LEW Jewelry Co. uses gold in the manufacture of its products. LEW anticipates that it will need to purchase 500 ounces of gold in October 2012, for jewelry that will be shipped for the holiday shopping season. However, if the price of gold increases, LEW’s cost to produce its jewelry will increase, which would reduce its profit margins. To hedge the risk of increased gold prices, on April 1, 2012, LEW enters into a gold futures contract and designates this futures contract as a cash flow hedge of the anticipated gold purchase. The notional amount of the contract is 500 ounces, and the terms of the contract give LEW the right and the obligation to purchase gold at a price of $300 per ounce. The price will be good until the contract expires on October 31, 2012. Assume the following data with respect to the price of the call options and the gold inventory purchase. Date Spot Price for October Delivery April 1, 2012 $300 per ounce June 30, 2012 310 per ounce September 30, 2012 315 per ounce
Instructions
Prepare the journal entries for the following transactions. (a) April 1, 2012—Inception of the futures contract, no premium paid. (b) June 30, 2012—LEW Co. prepares financial statements. (c) September 30, 2012—LEW Co. prepares financial statements. (d) October 10, 2012—LEW Co. purchases 500 ounces of gold at $315 per ounce and settles the futures contract. (e) December 20, 2012—LEW sells jewelry containing gold purchased in October 2012 for $350,000. The cost of the finished goods inventory is $200,000. (f) Indicate the amount(s) reported on the balance sheet and income statement related to the futures contract on June 30, 2012. (g) Indicate the amount(s) reported in the income statement related to the futures contract and the inventory transactions on December 31, 2012. *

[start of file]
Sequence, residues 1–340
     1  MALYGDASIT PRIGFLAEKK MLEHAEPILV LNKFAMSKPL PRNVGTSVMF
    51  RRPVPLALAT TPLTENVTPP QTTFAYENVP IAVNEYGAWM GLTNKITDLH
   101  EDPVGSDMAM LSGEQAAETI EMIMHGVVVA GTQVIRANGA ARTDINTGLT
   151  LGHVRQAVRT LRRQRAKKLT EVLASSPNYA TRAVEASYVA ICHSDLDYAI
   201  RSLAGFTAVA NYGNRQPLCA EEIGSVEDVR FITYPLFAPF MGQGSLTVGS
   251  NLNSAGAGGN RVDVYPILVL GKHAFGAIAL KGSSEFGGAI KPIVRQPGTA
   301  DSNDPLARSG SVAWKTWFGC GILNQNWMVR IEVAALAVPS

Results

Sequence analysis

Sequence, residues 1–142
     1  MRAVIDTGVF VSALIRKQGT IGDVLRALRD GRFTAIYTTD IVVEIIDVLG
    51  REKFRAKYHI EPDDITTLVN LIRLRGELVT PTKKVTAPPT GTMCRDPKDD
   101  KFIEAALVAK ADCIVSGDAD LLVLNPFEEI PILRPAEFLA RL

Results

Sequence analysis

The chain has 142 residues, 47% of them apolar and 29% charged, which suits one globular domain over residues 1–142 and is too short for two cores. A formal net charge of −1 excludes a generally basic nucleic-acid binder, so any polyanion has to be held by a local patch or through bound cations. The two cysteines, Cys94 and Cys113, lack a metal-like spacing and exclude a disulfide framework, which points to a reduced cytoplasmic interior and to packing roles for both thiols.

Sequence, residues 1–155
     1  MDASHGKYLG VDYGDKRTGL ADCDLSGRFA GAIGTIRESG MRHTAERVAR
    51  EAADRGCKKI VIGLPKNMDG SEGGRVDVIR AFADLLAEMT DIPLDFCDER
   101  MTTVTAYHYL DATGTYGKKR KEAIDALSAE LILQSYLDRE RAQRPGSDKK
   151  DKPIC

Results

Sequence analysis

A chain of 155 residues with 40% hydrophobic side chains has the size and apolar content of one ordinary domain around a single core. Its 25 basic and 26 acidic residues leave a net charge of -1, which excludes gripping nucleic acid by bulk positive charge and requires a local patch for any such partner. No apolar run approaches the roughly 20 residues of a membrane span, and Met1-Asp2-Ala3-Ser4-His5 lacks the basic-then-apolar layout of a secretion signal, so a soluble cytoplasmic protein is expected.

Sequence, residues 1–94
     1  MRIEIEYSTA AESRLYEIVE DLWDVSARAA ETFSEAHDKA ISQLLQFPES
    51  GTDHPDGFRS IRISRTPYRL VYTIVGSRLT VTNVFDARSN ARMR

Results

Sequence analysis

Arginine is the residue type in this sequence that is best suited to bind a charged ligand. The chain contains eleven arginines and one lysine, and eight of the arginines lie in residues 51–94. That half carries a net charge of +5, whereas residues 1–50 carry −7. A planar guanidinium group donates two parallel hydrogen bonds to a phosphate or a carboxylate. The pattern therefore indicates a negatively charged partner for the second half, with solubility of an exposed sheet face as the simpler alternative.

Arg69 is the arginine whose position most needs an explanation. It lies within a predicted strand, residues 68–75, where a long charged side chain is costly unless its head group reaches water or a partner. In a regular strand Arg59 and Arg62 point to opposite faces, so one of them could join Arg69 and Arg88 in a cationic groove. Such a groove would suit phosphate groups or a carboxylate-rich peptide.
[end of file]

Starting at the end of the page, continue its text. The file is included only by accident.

P17-18 (Fair Value Hedge)
On November 3, 2012, Sprinkle Co. invested $200,000 in 4,000 shares of the common stock of Pratt Co. Sprinkle classified this investment as available-for-sale. Sprinkle Co. is considering making a more significant investment in Pratt Co. at some point in the future but has decided to wait and see how the stock does over the next several quarters. To hedge against potential declines in the value of Pratt stock during this period, Sprinkle also purchased a put option on the Pratt stock. Sprinkle paid an option premium of $600 for the put option, which gives Sprinkle the option to sell 4,000 Pratt shares at a strike price of $50 per share. The option expires on July 31, 2013. The following data are available with respect to the values of the Pratt stock and the put option. Date Market Price of Pratt Shares Time Value of Put Option December 31, 2012 $50 per share $375 March 31, 2013 45 per share 175 June 30, 2013 43 per share 40
Instructions
(a) Prepare the journal entries for Sprinkle Co. for the following dates. (1) November 3, 2012—Investment in Pratt stock and the put option on Pratt shares. (2) December 31, 2012—Sprinkle Co. prepares financial statements. (3) March 31, 2013—Sprinkle prepares financial statements. (4) June 30, 2013—Sprinkle prepares financial statements. (5) July 1, 2013—Sprinkle settles the put option and sells the Pratt shares for $43 per share. (b) Indicate the amount(s) reported on the balance sheet and income statement related to the Pratt investment and the put option on December 31, 2012. (c) Indicate the amount(s) reported on the balance sheet and income statement related to the Pratt investment and the put option on June 30, 2013. 12 13 CONCEPTS FOR ANALYS I S